In support of the latter route, Ready Player Me says that its tech was eight years in the making: the company was hatched out of Wolf3D, which worked with companies like Tencent, Verizon, HTC and Wargaming to build them custom avatar systems.
That work led to the company aggregating a proprietary database of more than 20,000 face scans, created using the company’s own 3D scanners. That database was used in turn to build a deep-learning-based platform, which can produce real-time animated avatars not unlike the Animojis you get on Apple’s iOS, except that with Ready Player Me, the animated avatars are created to “accurately predict and render realistic faces from a single 2D photo,” which can be used on desktop, web and mobile. It also can work off 3D images.
(Wolf3D still has a site as you can see from the link above, although the site hasn’t been updated since 2021, when Ready Player Me was unveiled. Toke told me it is a great lead generator so it’s kept it up, but that enterprise/B2B business has been rolled up for now.
These days, Ready Player Me’s partners span both web3 and Web 2.0 environments, and they include VRChat, Spatial, Somnium Space and RTFKT, said the company. The startup said it works with creators and fashion brands — customers include Adidas, New Balance, Dior, Pull&Bear and Warner Brothers — to help them build cross-game avatar “assets” across the metaverse. The partners are the ones building platforms, or games and other experiences within those other platforms; and so part of what Ready Player Me offers is a chance for its network of partners to integrate their avatars into those other experiences.
“Our core target today is the midsized gaming company rather than the big companies. We talk with Meta and others too,” Toke said, “but we think that the bigger will grow rapidly and so it makes sense to work with them first.” He noted that a lot of its partners “are still building experiences so a big part of the network is still not activated, and there is a lot more growth to come.”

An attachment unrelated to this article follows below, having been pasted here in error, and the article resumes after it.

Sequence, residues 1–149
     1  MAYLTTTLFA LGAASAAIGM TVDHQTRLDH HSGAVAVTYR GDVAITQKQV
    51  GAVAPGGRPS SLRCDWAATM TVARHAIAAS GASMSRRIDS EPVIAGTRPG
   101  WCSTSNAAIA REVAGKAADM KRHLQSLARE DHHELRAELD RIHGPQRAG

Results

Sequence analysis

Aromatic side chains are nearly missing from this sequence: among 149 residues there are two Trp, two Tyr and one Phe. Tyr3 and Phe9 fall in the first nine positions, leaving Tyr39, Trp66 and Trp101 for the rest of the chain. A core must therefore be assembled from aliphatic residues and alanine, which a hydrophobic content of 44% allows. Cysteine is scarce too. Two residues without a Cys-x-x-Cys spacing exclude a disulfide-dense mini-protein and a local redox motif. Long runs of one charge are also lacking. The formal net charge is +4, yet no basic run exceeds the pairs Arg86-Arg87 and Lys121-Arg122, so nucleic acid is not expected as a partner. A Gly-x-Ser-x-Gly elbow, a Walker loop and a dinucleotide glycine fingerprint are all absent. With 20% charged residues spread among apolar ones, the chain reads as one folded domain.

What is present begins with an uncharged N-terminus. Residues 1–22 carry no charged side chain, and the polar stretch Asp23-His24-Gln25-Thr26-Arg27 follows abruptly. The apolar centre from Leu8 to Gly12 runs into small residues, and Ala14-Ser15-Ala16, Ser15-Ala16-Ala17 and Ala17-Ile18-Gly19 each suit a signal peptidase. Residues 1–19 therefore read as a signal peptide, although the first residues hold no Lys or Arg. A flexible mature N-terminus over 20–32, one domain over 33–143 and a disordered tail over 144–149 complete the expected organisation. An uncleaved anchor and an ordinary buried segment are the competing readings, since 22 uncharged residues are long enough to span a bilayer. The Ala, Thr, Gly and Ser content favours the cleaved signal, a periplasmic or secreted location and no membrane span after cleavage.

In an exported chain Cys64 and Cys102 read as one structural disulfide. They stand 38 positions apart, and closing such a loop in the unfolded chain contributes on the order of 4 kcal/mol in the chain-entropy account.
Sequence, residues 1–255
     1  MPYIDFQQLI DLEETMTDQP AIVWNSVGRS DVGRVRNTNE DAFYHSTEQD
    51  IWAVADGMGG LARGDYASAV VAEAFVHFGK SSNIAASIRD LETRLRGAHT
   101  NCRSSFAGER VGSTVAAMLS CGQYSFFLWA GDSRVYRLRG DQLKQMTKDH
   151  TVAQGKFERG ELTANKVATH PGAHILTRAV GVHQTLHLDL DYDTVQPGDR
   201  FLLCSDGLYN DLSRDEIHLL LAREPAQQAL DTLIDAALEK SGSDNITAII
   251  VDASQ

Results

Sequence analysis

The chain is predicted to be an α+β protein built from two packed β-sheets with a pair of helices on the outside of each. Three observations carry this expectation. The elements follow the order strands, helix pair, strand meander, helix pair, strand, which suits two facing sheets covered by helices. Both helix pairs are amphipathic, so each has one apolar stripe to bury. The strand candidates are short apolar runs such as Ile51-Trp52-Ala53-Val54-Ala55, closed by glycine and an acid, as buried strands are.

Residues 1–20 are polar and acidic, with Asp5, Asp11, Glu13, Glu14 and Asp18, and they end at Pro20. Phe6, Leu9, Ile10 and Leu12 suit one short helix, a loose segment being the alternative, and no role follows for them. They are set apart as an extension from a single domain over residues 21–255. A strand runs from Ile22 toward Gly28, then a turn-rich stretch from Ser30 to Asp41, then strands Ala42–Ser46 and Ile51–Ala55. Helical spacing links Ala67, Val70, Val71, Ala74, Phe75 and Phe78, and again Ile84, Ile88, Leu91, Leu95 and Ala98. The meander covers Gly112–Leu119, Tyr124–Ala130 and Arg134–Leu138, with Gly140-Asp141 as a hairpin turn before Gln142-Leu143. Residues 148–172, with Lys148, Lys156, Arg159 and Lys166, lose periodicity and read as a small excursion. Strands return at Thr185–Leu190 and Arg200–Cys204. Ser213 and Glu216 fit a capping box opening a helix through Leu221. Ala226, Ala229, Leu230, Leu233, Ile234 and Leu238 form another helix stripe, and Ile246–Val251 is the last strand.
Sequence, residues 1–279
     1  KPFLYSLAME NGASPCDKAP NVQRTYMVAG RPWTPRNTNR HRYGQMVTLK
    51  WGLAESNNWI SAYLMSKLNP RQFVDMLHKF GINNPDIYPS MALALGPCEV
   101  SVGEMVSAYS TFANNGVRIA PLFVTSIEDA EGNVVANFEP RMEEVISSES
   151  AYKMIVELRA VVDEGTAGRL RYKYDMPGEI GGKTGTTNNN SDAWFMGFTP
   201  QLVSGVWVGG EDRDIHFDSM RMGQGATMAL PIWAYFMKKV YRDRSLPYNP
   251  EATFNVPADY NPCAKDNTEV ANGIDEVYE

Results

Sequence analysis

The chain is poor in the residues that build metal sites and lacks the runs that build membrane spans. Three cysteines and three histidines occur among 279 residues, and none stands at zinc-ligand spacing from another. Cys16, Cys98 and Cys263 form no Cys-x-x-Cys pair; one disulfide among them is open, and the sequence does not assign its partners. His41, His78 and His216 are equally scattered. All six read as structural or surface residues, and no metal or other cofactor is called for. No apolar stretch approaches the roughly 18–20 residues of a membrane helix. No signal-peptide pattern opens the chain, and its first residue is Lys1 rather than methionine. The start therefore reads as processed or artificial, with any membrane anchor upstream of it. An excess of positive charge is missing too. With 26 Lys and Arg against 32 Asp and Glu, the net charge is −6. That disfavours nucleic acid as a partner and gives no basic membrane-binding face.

The idea of building a platform to create avatars that work across multiple environments is central to how a lot of proponents of web3 think the whole effort will become more viable in the long term. Some of the big issues in metaverse business models up to now have been accessibility and user experience — in effect, you have to buy into device ownership and it’s all a little on the clumsy side to use, really aimed more at early adopters willing to take on that baggage than the mass market — so creating at least one piece of tech to make it easier to port one’s identity from one virtual world to another — complete with a single user ID — removes one of the obstacles.
“Ready Player Me is loved by both developers and players as the largest platform for avatar-systems-as-a-service, and is well on their way to building the interoperable identity protocol for the open Metaverse,” said Jonathan Lai, a general partner at Andreessen Horowitz, in a statement. “We’ve been deeply impressed by the team’s blend of developer empathy, technical chops, and entrepreneurial pragmatism, and couldn’t be more excited to partner with them on this journey.”